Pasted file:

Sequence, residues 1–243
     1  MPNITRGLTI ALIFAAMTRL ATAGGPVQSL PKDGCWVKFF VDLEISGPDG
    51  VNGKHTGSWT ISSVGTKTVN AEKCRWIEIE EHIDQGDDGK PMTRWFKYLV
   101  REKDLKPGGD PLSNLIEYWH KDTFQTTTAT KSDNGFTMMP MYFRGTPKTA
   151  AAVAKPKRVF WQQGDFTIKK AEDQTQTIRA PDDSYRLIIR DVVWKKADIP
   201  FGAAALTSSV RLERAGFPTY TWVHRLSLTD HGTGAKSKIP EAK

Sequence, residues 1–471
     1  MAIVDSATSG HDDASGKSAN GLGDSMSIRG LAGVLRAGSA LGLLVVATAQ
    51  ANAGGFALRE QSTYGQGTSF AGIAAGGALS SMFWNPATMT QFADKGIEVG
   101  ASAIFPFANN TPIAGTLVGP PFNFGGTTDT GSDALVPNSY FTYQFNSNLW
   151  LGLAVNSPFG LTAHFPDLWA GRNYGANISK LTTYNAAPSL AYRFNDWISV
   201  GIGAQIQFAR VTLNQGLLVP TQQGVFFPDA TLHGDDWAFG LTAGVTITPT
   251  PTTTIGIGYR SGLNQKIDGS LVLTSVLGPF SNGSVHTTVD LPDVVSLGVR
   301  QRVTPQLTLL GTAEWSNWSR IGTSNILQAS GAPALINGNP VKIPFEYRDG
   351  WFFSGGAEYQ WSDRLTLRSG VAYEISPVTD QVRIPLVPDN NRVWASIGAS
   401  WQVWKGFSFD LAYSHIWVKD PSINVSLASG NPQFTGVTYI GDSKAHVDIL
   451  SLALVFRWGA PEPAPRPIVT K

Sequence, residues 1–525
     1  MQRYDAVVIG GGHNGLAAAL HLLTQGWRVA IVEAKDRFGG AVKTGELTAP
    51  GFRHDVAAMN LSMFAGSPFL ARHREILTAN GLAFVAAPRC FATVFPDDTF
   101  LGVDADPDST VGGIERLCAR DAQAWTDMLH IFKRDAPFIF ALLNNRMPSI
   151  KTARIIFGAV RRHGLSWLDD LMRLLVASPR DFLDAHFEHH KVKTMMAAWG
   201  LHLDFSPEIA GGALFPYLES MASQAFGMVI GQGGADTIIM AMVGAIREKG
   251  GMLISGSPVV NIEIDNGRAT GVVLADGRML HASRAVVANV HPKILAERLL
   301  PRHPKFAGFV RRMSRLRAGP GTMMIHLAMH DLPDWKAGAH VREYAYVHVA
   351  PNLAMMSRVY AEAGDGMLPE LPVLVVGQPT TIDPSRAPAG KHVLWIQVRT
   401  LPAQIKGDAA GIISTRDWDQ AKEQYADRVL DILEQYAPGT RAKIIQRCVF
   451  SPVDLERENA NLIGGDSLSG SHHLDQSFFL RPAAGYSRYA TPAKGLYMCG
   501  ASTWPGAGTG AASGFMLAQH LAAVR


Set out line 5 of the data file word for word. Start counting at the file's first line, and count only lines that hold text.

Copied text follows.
   151  AAVAKPKRVF WQQGDFTIKK AEDQTQTIRA PDDSYRLIIR DVVWKKADIP